Innovative technology and new developments have been introduced in NHS Tayside over the last year as part of the organisation’s response to COVID-19.
The challenges of the pandemic across health and social care services in Tayside have resulted in a year of invention, innovation and news ways of working.
Out of the uncertainty and restrictions placed on the delivery of healthcare services, there have been many new developments introduced across Tayside. Here’s a rundown of some of them:
Clinicians in NHS Tayside are using a new technology in the form of a tiny camera inside a pill, called a colon capsule, to help early detection of bowel cancer and reduce waiting times.
The additional cleaning and PPE requirements in hospitals mean that fewer colonoscopy procedures can be carried out each day than before COVID.
A pilot project will see 200 patients use the capsule as an alternative to colonoscopy. Since it was introduced in December, 2020, 50 patients have so far had the procedure.
The colon capsule films the inside of the lower intestine to determine whether there are any abnormalities. It is non-invasive, painless and the patient does not need to be sedated. Patients attend a community hub to swallow it then return home, with the capsule ultimately being passed into the toilet and flushed away.
Many patients will need no further tests and will not need to attend hospital, meaning that waiting times can be reduced for those who do require hospital procedures.
Another new pill technology will be introduced in NHS Tayside as an alternative to an endoscopy procedure. Cytosponge is a small sponge on a string wrapped in a coated pill which can easily be swallowed with a glass of water. It can be completed in minutes without the need for an anaesthetic. The sponge takes samples of the lining of the gullet and can look for early signs of cancer.
Cytosponge can be performed outside of traditional hospital environments, such as in community health centres or general outpatient clinics, as it does not release droplets of body fluids into the environment.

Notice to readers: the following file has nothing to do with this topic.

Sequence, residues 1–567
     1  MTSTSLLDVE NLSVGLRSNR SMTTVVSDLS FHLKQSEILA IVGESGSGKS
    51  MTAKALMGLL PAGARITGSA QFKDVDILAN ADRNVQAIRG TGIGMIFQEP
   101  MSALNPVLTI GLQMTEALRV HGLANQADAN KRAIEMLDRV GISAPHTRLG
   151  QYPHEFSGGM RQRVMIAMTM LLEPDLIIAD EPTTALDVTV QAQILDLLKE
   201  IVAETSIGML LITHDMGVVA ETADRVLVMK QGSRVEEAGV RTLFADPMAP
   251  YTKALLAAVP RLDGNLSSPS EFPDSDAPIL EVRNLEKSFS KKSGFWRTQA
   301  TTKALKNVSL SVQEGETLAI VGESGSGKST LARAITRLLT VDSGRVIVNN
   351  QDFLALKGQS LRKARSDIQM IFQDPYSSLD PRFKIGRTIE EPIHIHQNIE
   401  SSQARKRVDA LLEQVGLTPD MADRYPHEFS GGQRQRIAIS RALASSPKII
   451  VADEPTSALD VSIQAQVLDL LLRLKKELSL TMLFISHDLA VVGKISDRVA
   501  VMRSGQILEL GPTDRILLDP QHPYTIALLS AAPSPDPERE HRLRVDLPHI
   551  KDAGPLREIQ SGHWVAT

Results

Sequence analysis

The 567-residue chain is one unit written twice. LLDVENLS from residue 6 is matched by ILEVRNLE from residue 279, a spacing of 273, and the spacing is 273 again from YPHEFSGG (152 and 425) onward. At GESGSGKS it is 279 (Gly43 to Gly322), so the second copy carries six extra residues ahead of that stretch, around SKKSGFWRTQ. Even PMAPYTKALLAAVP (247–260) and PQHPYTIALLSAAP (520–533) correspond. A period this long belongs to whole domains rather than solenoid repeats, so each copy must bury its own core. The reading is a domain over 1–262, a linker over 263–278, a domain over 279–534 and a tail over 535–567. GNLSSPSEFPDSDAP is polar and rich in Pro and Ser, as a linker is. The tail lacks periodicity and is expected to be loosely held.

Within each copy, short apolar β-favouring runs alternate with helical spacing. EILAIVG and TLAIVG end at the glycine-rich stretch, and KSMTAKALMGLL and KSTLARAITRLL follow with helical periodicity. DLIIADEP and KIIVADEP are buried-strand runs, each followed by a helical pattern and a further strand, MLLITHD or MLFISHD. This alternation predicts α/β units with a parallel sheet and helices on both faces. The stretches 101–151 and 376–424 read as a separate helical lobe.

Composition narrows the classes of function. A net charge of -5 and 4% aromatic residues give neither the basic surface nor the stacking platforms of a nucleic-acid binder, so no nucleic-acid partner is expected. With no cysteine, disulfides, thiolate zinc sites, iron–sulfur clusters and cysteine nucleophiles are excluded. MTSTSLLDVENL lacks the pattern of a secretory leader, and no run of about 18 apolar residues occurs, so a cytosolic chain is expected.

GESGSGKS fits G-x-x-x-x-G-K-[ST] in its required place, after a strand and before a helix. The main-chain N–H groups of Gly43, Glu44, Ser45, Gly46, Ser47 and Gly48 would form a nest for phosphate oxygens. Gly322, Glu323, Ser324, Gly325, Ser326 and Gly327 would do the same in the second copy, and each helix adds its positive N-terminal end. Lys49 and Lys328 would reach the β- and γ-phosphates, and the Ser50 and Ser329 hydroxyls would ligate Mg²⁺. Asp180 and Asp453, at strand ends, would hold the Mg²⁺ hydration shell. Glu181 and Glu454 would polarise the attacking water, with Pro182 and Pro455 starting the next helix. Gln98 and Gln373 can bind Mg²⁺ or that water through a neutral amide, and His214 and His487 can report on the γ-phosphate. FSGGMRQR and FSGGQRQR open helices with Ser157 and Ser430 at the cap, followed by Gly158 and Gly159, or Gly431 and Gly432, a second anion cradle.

This will help reduce demand for standard endoscopy procedures and mean more patients can be seen sooner. Key staff have undergone training and it is hoped that the Cytosponge will be in use in April.
Mobile solutions delivering treatment
A number of mobile diagnostic units have been deployed across Tayside to provide extra capacity for scans and procedures.
COVID-19 had a big impact on endoscopy services last year and the additional infection control measures needed meant that the department was working at just under 40% of its normal capacity. To help address this, a mobile endoscopy unit was set up at Ninewells in November which can see up to 110 patients per week.
A mobile MRI scanner has been at Perth Royal Infirmary and Ninewells Hospital at points over the past year, along with a mobile CT scanner at Perth Royal Infirmary, to make sure more patients could be seen. These units have meant that more than 5,000 patients have been able to have their scan despite the many restrictions on the services.
NHS Tayside moved to providing more services remotely during the COVID-19 pandemic by making greater use of phone and video consultations.
The Near Me service allows patients to use their own digital device to join a video call for their booked appointment where clinicians can speak to their patients remotely.
Since March 2020, over 262,000 clinical appointments have taken place over the phone or online.
The majority of these have been GP and outpatient appointments with 119 services and departments across NHS Tayside using the service to see patients who do not need to attend a healthcare site.
A patient survey undertaken last year showed that almost 98% of those who have used Near Me said they would use it again, with patients noting it has helped reduce their travel time and has increased their accessibility to healthcare.